Canadian Prime Minister Justin Trudeau on Friday expressed his "disappointment" with President Biden's executive order to rescind permits for the Keystone XL pipeline, in a readout of the president's first official call with a foreign leader.Why it matters: The prime minister has long backed the pipeline meant to carry crude oil from Alberta to Nebraska. Biden, however, campaigned on the cancellation of the Keystone XL pipeline.Get smarter, faster with the news CEOs, entrepreneurs and top politicians read. Sign up for Axios Newsletters here.What he's saying: In a news conference earlier Friday, Trudeau said: “We have so much alignment — not just me and President Biden, but Canadians and President Biden." He added, "I’m very much looking forward to working with President Biden,” per the New York Times. * On the call, however, Trudeau "raised Canada’s disappointment with the United States’ decision on the Keystone XL pipeline," according to the readout. * "The Prime Minister underscored the important economic and energy security benefits of our bilateral energy relationship as well as his support for energy workers."The big picture: The pipeline project originally came with an $8 billion price tag and was expected to carry roughly 830,000 barrels of crude oil daily from Canada through Nebraska, per The Washington Post. * Though President Obama rejected the pipeline, President Trump gave it the green light once in office. * Lawsuits slowed construction on the project throughout Trump's administration. * Two Native American communities sued the government over the pipeline last year, charging the government did not consult with tribes on the pipeline's proposed path, which crosses tribal lands. * Its permit repeal is one of several "critical first steps to address the climate crisis, create good union jobs, and advance environmental justice, while reversing the previous administration’s harmful policies," according to the Biden administration.In their Friday call, the two leaders discussed collaborating on COVID vaccines and the flow of critical medical supplies, efforts to work with Indigenous people and plans to address climate change through cross-border clean electricity transmission and net-zero emissions. * "Both leaders have made combating climate change, defending human rights and strengthening international institutions central to their platforms," the Times writes. * "The leaders reiterated their firm commitment to multilateral institutions and alliance," per the readout.Flashback: In 2017, Trudeau touted the Keystone XL pipeline, saying: "No country would find 173 billion barrels of oil in the ground and just leave them there. The resource will be developed. Our job is to ensure that this is done responsibly, safely and sustainably." Go deeper: Biden talks climate in calls with foreign leadersBe smart: sign up FREE for the most influential newsletter in America.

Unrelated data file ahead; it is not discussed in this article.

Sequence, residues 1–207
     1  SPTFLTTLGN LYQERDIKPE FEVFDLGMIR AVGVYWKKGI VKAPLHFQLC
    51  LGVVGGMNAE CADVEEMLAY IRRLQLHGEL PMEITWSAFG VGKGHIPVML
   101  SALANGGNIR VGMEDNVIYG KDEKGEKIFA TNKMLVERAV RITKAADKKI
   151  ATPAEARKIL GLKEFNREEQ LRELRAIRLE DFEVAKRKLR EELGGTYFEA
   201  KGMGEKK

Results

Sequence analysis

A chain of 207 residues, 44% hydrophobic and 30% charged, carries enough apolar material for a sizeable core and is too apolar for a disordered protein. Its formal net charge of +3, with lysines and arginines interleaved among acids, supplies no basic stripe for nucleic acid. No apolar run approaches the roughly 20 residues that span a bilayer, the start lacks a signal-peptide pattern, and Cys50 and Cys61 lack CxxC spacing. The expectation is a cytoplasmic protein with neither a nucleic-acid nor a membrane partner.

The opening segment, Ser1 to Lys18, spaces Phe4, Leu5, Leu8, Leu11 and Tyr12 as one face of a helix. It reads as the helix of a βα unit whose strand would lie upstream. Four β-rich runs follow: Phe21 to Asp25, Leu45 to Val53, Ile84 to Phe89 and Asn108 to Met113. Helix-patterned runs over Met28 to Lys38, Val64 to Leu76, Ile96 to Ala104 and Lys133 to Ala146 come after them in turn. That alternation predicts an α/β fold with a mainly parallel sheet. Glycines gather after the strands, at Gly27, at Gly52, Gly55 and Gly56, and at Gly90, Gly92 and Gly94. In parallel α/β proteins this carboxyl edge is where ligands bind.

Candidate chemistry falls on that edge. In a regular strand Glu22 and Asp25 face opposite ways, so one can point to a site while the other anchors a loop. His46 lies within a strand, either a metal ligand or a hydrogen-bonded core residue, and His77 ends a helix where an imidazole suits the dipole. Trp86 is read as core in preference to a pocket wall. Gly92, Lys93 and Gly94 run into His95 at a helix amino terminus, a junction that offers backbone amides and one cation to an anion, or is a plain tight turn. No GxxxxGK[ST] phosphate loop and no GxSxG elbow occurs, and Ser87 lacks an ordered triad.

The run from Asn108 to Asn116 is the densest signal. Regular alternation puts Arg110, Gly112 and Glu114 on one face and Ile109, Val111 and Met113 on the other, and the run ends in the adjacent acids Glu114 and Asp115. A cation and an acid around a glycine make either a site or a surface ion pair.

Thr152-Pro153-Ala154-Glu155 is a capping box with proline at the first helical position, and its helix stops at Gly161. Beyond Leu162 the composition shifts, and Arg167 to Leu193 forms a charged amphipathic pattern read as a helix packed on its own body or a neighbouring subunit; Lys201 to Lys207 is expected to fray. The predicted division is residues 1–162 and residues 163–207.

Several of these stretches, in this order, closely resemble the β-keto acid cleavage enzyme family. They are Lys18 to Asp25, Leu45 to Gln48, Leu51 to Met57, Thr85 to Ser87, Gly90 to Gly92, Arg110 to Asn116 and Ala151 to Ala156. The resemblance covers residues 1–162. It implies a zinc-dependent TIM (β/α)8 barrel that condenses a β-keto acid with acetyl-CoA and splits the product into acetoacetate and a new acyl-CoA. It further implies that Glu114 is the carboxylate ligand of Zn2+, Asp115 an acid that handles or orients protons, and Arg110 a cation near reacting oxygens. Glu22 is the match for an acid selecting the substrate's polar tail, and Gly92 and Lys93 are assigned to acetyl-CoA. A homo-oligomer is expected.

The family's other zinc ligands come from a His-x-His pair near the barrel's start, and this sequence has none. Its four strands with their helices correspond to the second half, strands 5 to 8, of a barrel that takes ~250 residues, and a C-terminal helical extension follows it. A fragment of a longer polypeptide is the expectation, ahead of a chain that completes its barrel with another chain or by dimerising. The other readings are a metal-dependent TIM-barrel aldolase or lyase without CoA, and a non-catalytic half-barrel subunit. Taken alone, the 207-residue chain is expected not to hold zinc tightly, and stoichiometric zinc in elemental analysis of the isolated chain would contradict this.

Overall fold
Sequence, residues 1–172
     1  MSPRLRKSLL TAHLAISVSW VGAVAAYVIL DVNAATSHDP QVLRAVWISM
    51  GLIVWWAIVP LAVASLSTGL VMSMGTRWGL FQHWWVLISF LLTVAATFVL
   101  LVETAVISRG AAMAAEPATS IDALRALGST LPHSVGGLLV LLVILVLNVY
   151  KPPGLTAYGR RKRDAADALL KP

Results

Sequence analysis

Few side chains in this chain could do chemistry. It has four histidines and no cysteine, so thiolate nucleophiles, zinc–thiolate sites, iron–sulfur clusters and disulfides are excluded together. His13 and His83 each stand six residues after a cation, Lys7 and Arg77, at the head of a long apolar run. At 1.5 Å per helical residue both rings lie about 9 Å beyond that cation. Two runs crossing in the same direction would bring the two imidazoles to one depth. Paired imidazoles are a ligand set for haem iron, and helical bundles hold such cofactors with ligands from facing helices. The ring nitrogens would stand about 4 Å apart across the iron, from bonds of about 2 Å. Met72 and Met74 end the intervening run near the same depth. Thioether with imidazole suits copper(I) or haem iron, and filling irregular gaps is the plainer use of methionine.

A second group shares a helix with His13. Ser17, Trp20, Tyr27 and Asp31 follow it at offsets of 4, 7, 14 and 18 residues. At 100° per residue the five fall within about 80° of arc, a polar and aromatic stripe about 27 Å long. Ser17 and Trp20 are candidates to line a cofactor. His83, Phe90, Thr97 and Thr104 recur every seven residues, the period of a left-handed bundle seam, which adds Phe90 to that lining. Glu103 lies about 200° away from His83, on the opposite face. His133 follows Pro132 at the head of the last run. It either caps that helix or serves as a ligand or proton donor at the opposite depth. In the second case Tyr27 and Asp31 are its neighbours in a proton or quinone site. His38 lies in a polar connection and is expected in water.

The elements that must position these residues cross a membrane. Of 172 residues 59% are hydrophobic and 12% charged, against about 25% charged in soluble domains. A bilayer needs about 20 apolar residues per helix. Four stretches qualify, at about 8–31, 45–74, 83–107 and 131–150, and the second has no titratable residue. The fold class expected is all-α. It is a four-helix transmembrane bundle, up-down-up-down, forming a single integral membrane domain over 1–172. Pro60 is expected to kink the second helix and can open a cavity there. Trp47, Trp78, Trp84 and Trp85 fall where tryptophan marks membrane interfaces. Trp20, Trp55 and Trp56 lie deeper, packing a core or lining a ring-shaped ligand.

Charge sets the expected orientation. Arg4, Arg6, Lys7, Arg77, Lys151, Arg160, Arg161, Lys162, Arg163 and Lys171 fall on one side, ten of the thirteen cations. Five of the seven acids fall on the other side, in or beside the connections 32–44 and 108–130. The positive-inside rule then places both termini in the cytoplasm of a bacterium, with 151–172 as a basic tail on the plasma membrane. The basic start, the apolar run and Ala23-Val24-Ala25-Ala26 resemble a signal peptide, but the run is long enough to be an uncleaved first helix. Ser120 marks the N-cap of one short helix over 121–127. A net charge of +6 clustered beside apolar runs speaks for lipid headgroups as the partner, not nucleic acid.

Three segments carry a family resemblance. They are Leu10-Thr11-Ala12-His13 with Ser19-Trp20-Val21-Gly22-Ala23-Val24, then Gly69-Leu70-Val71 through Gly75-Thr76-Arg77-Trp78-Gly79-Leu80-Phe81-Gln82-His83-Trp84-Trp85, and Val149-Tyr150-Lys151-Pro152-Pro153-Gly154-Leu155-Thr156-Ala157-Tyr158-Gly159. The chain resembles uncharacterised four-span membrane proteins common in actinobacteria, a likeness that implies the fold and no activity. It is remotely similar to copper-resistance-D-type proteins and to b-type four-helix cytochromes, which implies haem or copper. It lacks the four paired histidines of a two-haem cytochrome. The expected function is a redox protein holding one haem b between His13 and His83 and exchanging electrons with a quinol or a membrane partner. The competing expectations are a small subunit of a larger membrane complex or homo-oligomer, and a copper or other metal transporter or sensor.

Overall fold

- NBC News